I'm always up for another fairy tale retelling, and the story of the Twelve Dancing Princesses has always been one of my favourites. Maybe it's the little details, like the worn out slippers, or the snap of a branch that almost gives away the invisible soldier. Maybe it's the old soldier himself, such a departure from typical fairy-tale heroes, and the youngest princess who is perceptive enough to recognize his value.
In Princess of the Midnight Ball, Jessica Day George takes everything I like about this fairy tale and makes it better! Galen, the soldier, is completely swoon-worthy. He's not so old, but he started young so he has lots of soldierly experience and the world-weariness that comes of it. He's capable, but humble, but stands up for himself. He's funny. And he knits! (George points out in an afterword that knitting used to be an exclusively male activity: who knew?!)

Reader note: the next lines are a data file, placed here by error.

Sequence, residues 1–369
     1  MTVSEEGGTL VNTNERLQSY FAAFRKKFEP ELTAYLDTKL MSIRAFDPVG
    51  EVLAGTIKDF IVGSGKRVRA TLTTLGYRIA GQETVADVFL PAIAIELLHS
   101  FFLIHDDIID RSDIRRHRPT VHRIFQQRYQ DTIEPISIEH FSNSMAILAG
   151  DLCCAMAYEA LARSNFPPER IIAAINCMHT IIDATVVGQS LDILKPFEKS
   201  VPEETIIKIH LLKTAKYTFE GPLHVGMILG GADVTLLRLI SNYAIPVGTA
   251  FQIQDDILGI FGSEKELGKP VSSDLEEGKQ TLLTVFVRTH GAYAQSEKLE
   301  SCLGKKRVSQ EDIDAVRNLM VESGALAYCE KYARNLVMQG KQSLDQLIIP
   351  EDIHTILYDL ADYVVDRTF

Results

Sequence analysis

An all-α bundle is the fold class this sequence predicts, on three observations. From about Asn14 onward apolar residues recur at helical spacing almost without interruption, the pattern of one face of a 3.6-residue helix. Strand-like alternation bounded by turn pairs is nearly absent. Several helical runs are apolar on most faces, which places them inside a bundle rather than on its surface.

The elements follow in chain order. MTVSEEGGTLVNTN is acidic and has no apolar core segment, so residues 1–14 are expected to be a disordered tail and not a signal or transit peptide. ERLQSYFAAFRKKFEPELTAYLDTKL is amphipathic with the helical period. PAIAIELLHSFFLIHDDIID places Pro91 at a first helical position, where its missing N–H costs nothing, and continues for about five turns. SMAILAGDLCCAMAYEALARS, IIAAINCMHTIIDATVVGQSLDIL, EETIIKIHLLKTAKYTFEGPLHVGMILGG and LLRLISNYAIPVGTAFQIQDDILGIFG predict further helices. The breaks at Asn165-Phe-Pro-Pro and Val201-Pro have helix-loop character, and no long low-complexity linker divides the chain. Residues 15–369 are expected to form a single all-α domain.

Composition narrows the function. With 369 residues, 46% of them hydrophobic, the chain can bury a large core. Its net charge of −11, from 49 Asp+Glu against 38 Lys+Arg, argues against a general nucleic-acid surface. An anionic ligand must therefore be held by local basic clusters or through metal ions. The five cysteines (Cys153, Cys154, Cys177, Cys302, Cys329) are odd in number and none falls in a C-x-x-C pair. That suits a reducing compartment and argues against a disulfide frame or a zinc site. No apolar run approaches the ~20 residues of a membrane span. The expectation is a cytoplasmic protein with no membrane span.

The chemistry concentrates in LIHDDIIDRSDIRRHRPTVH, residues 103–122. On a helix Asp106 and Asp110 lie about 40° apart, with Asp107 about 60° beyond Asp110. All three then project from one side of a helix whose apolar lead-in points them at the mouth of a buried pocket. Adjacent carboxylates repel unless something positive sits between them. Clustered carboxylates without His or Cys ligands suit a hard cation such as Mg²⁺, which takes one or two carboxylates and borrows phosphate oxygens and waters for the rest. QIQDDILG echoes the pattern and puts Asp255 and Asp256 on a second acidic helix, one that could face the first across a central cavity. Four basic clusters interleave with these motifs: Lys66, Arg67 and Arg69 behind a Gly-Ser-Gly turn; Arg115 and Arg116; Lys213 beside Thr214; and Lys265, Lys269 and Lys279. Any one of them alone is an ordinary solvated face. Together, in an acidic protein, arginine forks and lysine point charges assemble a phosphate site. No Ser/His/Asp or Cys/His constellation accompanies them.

The princesses in this version of the story have a realistic age range from seventeen to seven years old, so we get some nice family dynamics, and it's Rose, the oldest, who has the burden of dealing with all her sisters and the curse they are under. So it's Rose that Galen feels impelled to cheer up, and it's Rose he's willing to risk his life for to solve the mystery that's tearing the kingdom apart.
Great characters, intriguing explanation for the dancing, some nice plot twists thrown in to up the stakes--a thoroughly satisfying read. I'm going to look for the next two Princess books from George.
Like chewy homemade condensed-milk caramels: sweet but with substance.